Playing at the Piccadilly Theatre, in the heart of the West End, 'The Classic Story On Stage' only has a presence in London until March 2014 before launching its second UK tour in recent years. The bustle of Piccadilly Circus offers an element of charm and glamour that you don't quite get with theatres outside of London. The theatre and its location becomes, in itself, an experience - prefiguring the charisma and spirit of the show.

I don't know why I hadn't seen Dirty Dancing before now. As a regular theatre go-er and a long-time fan of Ardolino's Dirty Dancing, I'm unsure why the stage production had never been a priority for me. Perhaps I was worried that it wouldn't compare: that the stage Catskill Mountains wouldn't compare, and that Patrick Swayze was the only Johnny!

But, from the second the show opened, it was set to be impressive. It's 1963 and we're introduced to the Catskill Mountain Holiday Camp. Baby (Jill Winternitz) is holidaying with her family - and they are surrounded by a group of doting holiday entertainers, including Johnny Castle (Paul-Michael Jones) the 'bad-boy' dance instructor. Unimpressed by the dire range of organised activities, Baby acquaints herself with the Camp staff. Baby and Johnny's relationship is, initially, an uncertain one. And then a languorous one. And then an inevitable one.


Source: http://www.dirtydancingontour.com/

 Jill Winternitz's Baby was everything it was supposed to be: na├»ve, endearing and admirably ballsy. Coupled with Paul-Michael Jones' suave performance of Johnny Castle, the two established a really strong lead - from which the entirety of the production developed. However, the real star of the show for me was Charlotte Gooch. Penny is a notoriously difficult character to play. Gooch entwined the peppy showgirl with a suddenly vulnerable expectant mother impeccably, offering a compelling sensitivity - that which is so hard to portray in such a large theatre. James Coombes should also be recognised for his extremely honest depiction of Mr Houseman, Baby's father. Establishing himself as a character who can be trusted, Coombes' Mr Houseman proved a sincere voice of reason, grounding the musical in authenticity.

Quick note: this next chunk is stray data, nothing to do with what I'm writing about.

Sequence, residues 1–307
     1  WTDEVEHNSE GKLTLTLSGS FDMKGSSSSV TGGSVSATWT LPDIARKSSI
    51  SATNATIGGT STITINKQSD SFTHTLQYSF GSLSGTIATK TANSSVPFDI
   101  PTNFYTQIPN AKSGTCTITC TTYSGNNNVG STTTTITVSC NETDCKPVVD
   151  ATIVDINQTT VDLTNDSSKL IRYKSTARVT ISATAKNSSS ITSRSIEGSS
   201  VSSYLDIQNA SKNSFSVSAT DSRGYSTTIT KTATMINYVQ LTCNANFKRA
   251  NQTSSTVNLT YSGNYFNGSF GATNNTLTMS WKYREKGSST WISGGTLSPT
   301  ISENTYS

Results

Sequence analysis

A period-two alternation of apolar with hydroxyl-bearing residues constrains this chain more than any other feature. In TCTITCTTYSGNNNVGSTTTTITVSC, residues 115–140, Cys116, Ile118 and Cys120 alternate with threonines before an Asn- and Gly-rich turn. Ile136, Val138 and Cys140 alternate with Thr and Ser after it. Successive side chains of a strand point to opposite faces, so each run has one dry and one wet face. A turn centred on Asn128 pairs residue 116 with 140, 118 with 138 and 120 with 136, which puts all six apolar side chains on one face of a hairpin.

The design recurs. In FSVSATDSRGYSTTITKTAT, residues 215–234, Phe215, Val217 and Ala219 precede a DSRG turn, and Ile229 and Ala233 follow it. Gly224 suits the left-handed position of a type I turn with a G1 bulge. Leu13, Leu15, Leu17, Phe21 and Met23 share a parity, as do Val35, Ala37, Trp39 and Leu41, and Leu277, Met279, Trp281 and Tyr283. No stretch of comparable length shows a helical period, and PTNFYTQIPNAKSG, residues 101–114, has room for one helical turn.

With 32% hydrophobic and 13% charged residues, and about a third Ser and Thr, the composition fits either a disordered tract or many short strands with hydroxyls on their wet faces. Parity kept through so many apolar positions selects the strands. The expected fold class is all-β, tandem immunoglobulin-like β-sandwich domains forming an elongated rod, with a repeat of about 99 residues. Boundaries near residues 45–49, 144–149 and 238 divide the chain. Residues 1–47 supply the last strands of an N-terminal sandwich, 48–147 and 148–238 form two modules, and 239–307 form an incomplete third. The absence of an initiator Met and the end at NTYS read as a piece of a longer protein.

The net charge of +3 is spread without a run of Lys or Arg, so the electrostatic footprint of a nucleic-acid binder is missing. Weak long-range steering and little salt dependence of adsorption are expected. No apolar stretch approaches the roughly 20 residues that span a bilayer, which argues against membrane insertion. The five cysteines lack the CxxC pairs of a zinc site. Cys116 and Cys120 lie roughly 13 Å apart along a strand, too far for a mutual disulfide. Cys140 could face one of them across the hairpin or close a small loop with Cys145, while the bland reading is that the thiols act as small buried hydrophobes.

As far as musicals go, Eleanor Bergstein's script offers relatively few songs, at least relative to the amount of dialogue. Though often criticised for this adaptation, I think I preferred it. It enables Dirty Dancing to offer something that other musicals tend to lack: a really solid storyline. This creates an environment through which the audience can truly empathise with Penny, and genuinely root for Baby and Johnny's happy ending.

By the very nature of the musical, of course the dialogue is intercepted by a plethora of exciting dance numbers.  Kate Champion's choreography is impressive in its scale and stamina, if not slightly predictable in its construction. Despite a cast of undeniably skilled dancers, my main criticism would be that Charlotte Gooch (Penny) is relied upon to carry the large majority of dances. In the grand scheme of the production however, all dance numbers are remarkably slick and fast-paced.

I wanted to love Dirty Dancing on stage as much as I loved the film. And I almost did. Tipple successfully captured the outwardly rosy, but implicitly troubled, tone - aided by an extremely talented and powerful cast. Combined, this produced a thoroughly enjoyable and captivating performance.